Sofia Coppola Is Going To 1980s San Francisco For Next Project Fairyland

By Nick Venable 2013-12-17 23:21:43discussion comments
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The most memorable aspect of Sofia Coppola’s Lost in Translation for me is that Bob and Charlotte don’t wear their feelings on their sleeves, allowing audiences to wonder about the other aspects of their lives long after the film is complete. Coppola will be working with another pair of complex characters for her next project, an adaptation of Fairyland: A Memoir of My Father from author Alysia Abbott. The book’s rights were obtained from W.W. Norton & Company by production company American Zoetrope, founded by Francis Ford Coppola and George Lucas.

It’s interesting that the press release doesn’t mention Coppola directing the film, but that she’ll be writing the script with Andrew Durham, a photographer and frequent collaborator with Coppola. She’ll be producing it with her screenwriter brother Roman, who directed the 2012 comedy A Glimpse Inside the Mind of Charles Swan III. Considering she was one of the reasons it was acquired, one has to assume she’ll be sitting in the director’s chair by the time production goes underway, but nothing is certain. She makes it clear that she loves the book and thinks it "will make an engaging and touching movie on a subject I’ve never seen before."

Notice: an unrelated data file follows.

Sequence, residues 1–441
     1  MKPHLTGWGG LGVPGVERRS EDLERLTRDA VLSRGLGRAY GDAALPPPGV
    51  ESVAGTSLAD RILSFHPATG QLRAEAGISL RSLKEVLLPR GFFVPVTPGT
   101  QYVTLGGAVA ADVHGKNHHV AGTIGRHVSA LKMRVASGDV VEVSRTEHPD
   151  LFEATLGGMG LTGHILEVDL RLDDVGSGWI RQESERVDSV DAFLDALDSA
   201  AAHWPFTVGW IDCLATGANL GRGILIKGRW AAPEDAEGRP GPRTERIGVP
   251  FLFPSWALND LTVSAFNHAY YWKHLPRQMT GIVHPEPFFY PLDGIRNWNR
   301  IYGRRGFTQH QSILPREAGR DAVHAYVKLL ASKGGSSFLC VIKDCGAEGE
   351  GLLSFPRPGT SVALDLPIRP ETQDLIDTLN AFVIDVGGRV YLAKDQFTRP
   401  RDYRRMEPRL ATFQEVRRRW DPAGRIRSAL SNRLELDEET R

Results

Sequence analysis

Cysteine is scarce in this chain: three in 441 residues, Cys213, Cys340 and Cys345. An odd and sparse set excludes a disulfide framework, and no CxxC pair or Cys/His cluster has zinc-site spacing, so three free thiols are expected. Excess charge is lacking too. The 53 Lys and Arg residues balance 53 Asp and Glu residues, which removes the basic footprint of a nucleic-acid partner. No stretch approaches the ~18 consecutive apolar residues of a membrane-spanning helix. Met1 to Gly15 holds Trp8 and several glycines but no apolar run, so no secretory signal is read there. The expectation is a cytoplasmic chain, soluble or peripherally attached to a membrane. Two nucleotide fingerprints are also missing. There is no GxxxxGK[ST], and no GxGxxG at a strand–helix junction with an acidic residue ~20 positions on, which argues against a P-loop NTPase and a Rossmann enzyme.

It’ll definitely be an interesting project, and is centered on Abbott’s childhood in the late 1970s and early 1980s. Her father Steve was a bisexual writer and activist who moved his daughter to San Francisco following the accidental death of his wife and Alysia’s mother. Steve’s homosexual behavior grows wilder as he takes his daughter to different parties and poetry readings, living the life of a single person instead of a family. Abbott both understands and rails against her father’s unique way of living, and her own life takes a vicious twist once the AIDS epidemic sets in and she gets a fateful call that her father is sick.

From a film perspective, the story works as both a family drama and a period look at San Francisco in the heyday of its carefree flamboyancy. There aren’t many films out there that feature this kind of a father-daughter relationship, and Abbott thankfully has an on-track life, so there’s little chance of this turning into a Lifetime/After School Special mash-up.

Coppola didn’t exactly bowl critics over with the "actual events" drama The Bling Ring earlier this year, but there’s a good chance Fairyland could reach an audience that has been waiting for an offbeat story like this. Find Abbott’s book at Amazon, and check out her below interview with the publication Rain Taxi for more insight into how she was able to tell her story.


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